Shuchen Susan Huang
“Gish” is a pseudonym that Jen invented in high school. She sees her creation of the pen name “Gish Jen” as “a way of having [her] own identity” (Pearlman 45). Her real (first) name is Lillian. Born in Yonkers and growing up in Scarsdale, New York, Jen is the second of five children, all of whom attended Ivy League schools. She graduated from Harvard University in 1977 and went to the Stanford business school in 1979 but dropped out a year later. After returning from China where she taught English for a year, she entered the writing program at the University of Iowa and received her M.F.A. in 1983.
Becoming a writer is not an easy path for those with Asian immigrant parents who expect their children to pursue more “practical” careers. Jen is no exception. She tried pre-med and pre-law in college and later also studied toward an M.B.A. for a year. Her decision to attend an M.F.A. program and to pursue a writing career was at first greeted with strong disapproval from her parents. But her parents' objection was not the only challenge for the writer-to-be. Generally speaking, before the commercial success of Amy Tan's Joy Luck Club (1989), it was not easy for Asian American writers to have their works accepted by major publishers. As Jen started her writing career in the early 1980s, she had to tackle the problem of the publishers' preconception of what an Asian American writer should produce. When studying at Iowa, Jen did not think that her stories would “be published in a commercial magazine, ” because she was told that her stories were not “exotic” enough (R. Lee, “Gish Jen” 227).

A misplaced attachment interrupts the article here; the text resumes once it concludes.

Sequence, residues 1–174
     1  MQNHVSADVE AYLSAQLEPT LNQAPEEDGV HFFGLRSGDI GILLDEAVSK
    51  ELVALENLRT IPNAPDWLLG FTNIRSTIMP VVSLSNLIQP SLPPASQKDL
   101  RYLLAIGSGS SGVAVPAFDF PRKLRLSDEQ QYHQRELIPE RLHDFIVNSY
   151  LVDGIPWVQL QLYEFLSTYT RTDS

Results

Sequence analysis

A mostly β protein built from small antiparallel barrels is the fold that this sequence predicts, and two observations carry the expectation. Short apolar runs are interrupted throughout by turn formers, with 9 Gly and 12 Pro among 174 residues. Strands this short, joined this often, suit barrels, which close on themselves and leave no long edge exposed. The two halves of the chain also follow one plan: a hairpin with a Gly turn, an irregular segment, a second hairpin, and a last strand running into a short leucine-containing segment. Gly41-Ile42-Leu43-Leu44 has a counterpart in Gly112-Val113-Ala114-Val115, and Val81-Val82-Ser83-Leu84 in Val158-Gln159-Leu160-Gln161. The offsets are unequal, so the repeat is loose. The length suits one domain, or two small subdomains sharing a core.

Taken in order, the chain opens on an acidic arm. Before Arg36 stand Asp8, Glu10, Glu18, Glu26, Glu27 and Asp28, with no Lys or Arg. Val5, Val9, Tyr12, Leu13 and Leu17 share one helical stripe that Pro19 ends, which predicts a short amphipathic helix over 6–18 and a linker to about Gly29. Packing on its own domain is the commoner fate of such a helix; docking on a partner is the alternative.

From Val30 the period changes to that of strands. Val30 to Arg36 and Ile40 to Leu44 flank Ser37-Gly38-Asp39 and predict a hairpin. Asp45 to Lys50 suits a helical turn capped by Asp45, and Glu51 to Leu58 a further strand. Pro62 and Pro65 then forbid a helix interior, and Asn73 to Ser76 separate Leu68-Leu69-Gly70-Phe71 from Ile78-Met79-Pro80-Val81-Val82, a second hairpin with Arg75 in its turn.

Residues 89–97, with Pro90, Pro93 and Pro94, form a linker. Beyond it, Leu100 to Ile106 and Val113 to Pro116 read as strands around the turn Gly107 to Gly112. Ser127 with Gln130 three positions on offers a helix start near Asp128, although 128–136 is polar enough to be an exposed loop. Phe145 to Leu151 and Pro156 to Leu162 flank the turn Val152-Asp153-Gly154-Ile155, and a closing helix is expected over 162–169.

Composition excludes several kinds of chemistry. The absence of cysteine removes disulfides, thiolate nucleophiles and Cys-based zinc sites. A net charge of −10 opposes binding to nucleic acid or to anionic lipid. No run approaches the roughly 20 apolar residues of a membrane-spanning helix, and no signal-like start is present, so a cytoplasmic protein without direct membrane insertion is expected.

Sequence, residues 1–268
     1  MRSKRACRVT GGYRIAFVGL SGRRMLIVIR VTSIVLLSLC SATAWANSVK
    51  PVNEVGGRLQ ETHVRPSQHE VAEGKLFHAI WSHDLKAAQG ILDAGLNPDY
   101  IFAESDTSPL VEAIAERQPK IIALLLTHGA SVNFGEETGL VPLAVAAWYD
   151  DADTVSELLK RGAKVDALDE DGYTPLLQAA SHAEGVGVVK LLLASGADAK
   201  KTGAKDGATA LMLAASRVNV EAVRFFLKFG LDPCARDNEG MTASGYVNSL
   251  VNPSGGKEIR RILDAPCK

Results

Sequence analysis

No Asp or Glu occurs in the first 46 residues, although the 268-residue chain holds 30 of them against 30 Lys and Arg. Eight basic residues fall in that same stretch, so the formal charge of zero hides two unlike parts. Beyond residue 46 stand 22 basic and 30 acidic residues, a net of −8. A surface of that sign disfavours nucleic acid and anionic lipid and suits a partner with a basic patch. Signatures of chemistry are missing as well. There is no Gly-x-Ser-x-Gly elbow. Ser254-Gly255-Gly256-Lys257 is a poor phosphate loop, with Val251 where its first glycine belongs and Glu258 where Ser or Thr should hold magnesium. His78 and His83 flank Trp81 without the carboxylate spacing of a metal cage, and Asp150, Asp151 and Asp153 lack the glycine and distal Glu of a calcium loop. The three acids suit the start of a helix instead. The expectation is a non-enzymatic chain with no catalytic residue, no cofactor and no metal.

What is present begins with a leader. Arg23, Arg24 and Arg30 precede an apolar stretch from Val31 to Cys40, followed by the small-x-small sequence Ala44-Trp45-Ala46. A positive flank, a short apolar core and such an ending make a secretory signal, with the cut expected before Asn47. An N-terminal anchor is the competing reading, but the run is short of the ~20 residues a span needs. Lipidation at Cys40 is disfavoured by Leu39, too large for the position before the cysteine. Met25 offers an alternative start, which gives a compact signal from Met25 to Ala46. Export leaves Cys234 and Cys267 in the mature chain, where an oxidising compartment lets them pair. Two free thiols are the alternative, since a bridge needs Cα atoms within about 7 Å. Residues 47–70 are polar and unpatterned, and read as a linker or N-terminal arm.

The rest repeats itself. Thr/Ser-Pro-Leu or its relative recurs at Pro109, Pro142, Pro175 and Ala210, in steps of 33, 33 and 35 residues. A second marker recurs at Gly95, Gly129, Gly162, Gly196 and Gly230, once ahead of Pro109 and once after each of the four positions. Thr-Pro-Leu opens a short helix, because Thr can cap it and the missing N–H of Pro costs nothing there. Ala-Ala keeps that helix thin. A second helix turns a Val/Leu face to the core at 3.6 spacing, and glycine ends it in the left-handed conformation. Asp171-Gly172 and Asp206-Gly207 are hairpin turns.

Yet, Jen continued to write against all odds and her works have gradually met with increasing recognition. Before her first book, Typical American (1991),